Something must be done, as Edward VIII, the feckless twit who almost remained king of England, said about something else. That something had been lodged in my brain pan by another e-mail a few weeks earlier, and it was this: that wine writers be certified or what is also and hideously called credentialed. (That’s what brought Col. Pesto to my fevered mind.) Anyway, here’s the background on this dizzying do-good lurch toward the realm of Higher Nonsense.

In January, a ‘professional wine writer’ [unnamed, and so herein called Accused] skanced mechanical harvest-ing and was quickly skewered by a colleague [Madame Prosecutor], who said Accused showed ‘a lack of respect and knowledge’ in disparaging mechanical harvesting and suggesting that ‘everyone knows hand harvesting produces a better product.’ From there Madame Prose-cutor went straight to the delightfully loopy idea of for-mal certification for wine writers (by the Society of Wine Educators, say, or Court of Master Sommeliers).

Madame Prosecutor identifies two kinds of wine writer: the ‘traditional’ type (of which Accused is apparently one) has a journalism degree and learned about wine on the job, and ‘today’s wine writers,’ who are ‘differ-ent animals’ because ‘wine writer skill sets,* experience and credentials are trending quite differently now.’  
[How does anyone write such a phrase?] ‘They may not be well known,’ she says, or have journalism jobs or degrees, but many have wine certification and they ‘feverishly apply their knowledge by educating readers through blog posts, videos, social media and education-al courses and many assert the need to improve their writing skills.’ Yet ‘traditional’ writers exist and persist, and Madame Prosecutor finds that as hard to swallow as a sandwich of beef jerky on a day-old Kaiser roll.

Grammatically and syntactically unreliable, devoted to clichés, she rattles windily on, dimly acknowledging practical experience without examining its many kinds; failing to distinguish between certified and qualified; ignoring the question of a hierarchy of values. Soon she seems to realize she got in over her head, and her zeal fades. Certification goes from must to should: A ‘nice balance [of] certification and practical experience I think . . . would be ideal. [But] we should not mandate it . . . .’ So what to do about those who are certified but inexperienced? Or the uncertified who write despite all? Oh me, oh my, oh dear! Who the hell’s we, anyway?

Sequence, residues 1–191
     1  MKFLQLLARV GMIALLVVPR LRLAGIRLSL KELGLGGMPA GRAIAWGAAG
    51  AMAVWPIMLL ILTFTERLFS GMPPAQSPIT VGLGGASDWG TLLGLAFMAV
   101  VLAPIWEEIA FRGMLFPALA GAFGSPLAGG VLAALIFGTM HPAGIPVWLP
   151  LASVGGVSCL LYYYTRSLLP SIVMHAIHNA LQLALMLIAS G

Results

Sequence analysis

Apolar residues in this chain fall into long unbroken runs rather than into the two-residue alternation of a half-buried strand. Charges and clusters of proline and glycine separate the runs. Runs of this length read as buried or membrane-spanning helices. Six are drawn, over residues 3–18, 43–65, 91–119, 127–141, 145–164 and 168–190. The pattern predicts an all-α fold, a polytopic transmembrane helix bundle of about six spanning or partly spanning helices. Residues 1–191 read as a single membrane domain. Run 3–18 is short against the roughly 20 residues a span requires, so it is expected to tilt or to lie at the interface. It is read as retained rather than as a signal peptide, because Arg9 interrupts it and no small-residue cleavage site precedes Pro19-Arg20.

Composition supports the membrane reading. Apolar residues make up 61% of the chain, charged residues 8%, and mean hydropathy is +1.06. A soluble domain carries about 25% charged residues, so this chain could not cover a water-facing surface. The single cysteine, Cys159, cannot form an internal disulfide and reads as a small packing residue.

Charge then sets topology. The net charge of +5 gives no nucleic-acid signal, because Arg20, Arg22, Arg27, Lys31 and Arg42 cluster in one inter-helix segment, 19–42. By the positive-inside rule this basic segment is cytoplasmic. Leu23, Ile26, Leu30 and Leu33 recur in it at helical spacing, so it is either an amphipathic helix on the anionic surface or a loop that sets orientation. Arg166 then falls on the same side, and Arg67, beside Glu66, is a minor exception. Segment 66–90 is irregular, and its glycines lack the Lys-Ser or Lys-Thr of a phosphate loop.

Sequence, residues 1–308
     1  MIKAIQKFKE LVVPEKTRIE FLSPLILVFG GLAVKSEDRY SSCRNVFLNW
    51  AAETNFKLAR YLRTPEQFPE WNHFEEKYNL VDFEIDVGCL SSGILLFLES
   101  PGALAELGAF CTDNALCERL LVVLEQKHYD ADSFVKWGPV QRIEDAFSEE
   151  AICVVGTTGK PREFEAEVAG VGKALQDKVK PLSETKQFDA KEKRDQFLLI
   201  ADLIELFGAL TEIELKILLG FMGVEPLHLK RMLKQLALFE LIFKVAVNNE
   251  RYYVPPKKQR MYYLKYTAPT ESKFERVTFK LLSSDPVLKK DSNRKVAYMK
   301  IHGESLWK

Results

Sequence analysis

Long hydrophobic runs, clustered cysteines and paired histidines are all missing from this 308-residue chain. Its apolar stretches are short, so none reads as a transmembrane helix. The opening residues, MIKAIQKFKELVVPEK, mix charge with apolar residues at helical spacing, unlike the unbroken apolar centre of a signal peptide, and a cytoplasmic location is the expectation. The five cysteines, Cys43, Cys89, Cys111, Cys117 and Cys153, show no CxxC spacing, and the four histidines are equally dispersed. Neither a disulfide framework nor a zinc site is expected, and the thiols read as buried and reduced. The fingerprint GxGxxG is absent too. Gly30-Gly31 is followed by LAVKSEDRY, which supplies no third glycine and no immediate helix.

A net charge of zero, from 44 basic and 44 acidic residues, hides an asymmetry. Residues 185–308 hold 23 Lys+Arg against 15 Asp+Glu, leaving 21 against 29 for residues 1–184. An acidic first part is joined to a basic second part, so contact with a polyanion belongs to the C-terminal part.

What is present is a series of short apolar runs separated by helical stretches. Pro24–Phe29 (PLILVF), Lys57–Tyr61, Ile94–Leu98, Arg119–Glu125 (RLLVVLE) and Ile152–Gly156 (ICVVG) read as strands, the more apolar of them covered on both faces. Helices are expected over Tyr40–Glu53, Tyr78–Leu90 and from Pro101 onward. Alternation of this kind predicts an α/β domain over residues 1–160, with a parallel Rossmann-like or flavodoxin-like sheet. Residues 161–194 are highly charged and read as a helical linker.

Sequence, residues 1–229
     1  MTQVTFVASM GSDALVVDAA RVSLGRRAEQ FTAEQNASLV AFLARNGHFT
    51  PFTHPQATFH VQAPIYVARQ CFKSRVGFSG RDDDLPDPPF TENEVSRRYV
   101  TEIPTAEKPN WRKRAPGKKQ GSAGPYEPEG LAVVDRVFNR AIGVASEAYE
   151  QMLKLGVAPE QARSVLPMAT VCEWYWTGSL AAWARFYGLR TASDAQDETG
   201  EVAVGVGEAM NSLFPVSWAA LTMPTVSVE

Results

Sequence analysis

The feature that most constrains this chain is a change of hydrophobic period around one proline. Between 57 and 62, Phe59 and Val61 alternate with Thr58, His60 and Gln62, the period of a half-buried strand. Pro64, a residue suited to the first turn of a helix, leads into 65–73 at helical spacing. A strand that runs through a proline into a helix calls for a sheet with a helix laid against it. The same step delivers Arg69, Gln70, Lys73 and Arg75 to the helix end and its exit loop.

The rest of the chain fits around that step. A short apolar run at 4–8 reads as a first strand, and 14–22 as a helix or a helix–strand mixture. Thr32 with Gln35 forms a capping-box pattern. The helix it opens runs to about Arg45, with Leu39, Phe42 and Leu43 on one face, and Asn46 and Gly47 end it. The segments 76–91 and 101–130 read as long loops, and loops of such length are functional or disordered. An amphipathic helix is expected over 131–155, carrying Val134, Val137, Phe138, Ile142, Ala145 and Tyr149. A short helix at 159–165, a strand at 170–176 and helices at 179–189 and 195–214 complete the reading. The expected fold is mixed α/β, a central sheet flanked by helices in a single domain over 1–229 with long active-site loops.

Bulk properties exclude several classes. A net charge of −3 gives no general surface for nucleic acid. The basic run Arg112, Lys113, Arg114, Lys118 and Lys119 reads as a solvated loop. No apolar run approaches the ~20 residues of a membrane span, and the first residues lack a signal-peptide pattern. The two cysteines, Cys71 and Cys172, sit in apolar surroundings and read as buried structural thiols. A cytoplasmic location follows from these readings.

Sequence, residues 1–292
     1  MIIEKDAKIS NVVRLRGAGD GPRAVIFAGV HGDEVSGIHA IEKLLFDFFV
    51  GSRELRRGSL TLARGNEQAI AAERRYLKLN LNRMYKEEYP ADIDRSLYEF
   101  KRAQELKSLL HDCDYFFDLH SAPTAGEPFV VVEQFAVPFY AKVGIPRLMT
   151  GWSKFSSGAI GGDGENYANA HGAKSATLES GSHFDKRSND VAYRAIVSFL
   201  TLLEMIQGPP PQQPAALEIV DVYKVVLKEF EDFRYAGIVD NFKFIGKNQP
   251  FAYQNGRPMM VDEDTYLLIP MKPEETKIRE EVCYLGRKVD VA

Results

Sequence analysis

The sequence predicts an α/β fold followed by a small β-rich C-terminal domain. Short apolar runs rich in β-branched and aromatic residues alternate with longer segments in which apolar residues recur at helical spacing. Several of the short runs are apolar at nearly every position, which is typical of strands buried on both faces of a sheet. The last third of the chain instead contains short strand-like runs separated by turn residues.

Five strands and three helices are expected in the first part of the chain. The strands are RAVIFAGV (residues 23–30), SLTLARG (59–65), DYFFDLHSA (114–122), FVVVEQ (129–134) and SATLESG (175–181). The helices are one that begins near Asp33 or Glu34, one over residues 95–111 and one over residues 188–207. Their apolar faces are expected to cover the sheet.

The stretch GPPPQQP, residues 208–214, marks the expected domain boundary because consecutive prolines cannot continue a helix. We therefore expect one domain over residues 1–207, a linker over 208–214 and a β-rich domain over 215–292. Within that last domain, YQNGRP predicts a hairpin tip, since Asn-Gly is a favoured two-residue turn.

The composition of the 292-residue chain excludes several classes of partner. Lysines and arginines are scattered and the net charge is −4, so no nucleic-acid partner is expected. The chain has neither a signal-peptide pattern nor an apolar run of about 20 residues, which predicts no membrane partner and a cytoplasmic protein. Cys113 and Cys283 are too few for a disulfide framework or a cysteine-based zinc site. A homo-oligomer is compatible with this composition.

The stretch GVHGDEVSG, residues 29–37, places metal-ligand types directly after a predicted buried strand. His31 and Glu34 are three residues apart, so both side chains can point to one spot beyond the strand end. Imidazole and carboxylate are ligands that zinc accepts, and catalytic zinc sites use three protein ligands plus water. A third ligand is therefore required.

And what of those who are certified but only technical-ly able to write? Madame Prosecutor offers a list of ‘fine folks . . . . good (certified) writers that really have their finger on the pulse to educate and entertain us .’ Do they write as badly as she does? Masochist** that  I am, I looked at many of their sites and found that they do. Most are self-involved or self-promoting or self-pitying (certification is so hard!)—anything but self-aware. The writing is boring; the usage repellent; the spelling and punctuation whimsical. I was amazed and awed to read of so many things the Fine Folk deemed amazing and awesome. The worst sites recalled the old review-er’s remark (Dorothy Parker’s?) about prose that if read aloud ‘could be used to wring confessions from crooks.’

U S PRIME_brFinalmente: the author of the Rachael Ray far-rago boasts on her web-site ‘I’ve passed the in-troductory level of the Court of Master Som-meliers. Next up: Som-melier certification.’ Madame Prosecutor, please note. As for me, I can’t wait, so in the meantime I’m award-ing her the top merit badge of the U.S. Wine Scribblers, the organization that fires your judicial imagination and haunts your prosecutorial dreams.

*skill sets: what the hell are these, anyway? Do they come ready-boxed, like socket wrenches?